US Gold

US Gold

The eagle is a base-unit of denomination issued only for gold coinage by the United States Mint based on the original values designated by the Coinage Act of 1792. It has been obsolete as a circulating denomination since 1933. The eagle was the largest of the four main decimal base-units of denomination used for circulating coinage in the United States prior to 1933, the year when gold was withdrawn from circulation.

These four main base-units of denomination were the cent, the dime, the dollar, and the eagle, where a dime is 10 cents, a dollar is 10 dimes, and an eagle is 10 dollars. The eagle base-unit of denomination served as the basis of the gold quarter-eagle (US$ 2.50), the gold half-eagle (US $5), the eagle (US $10), and the double-eagle coins (US $20).

With the exceptions of the gold dollar coin, the gold three-dollar coin, the three-cent nickel, and the five-cent nickel, the unit of denomination of coinage prior to 1933 was conceptually linked to the precious or semi-precious metal that constituted a majority of the alloy used in that coin.

In this regard the United States followed long-standing European practice of different base-unit denominations for different precious and semi-precious metals. In the United States, the cent was the base-unit of denomination in copper. The dime and dollar were the base-units of denomination in silver. The eagle was the base-unit of denomination in gold although, unlike “cent”, “dime” (or “disme”), and “dollar”, gold coins never specified their denomination in units of “eagles”. Thus, a double eagle showed its value as “twenty dollars” rather than “two eagles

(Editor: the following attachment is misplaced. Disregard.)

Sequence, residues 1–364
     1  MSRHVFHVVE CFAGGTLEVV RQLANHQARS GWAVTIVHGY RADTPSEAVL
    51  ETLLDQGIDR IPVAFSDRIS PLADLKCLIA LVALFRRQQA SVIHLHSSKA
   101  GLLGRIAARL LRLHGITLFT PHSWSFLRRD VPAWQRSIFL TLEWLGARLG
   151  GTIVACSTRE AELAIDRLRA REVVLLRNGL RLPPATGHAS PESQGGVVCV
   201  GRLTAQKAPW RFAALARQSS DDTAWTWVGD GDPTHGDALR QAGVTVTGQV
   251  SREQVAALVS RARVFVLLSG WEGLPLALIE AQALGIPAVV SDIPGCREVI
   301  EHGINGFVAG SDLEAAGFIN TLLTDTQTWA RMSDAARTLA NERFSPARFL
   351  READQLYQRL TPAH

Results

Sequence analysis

US Gold (United States) Coins from the various United States Mints.

Double Eagle, Half Eagle, Quarter Eagle, St Gaudens Double Eagle, St Gaudens Eagle

Indian Head Gold

The Indian Head gold pieces or Pratt-Bigelow gold coins were two coins, identical in design, struck by the United States Mint: a two-and-a-half dollar piece, or quarter eagle, and a five-dollar coin, or half eagle.

The quarter eagle was struck from 1908 to 1915, and then again in 1925–1929, and the half eagle from 1908 to 1916, and then again in 1929. The pieces remain the only US circulating coins with recessed designs. The coins were the final ones for these denominations as coins struck for circulation, ending series which had begun in the 1790s

Gold Double Eagle

The Indian Head gold pieces or Pratt-Bigelow gold coins were two coins, identical in design, struck by the United States Mint: a two-and-a-half dollar piece, or quarter eagle, and a five-dollar coin, or half eagle.

The quarter eagle was struck from 1908 to 1915, and then again in 1925–1929, and the half eagle from 1908 to 1916, and then again in 1929. The pieces remain the only US circulating coins with recessed designs. The coins were the final ones for these denominations as coins struck for circulation, ending series which had begun in the 1790s.

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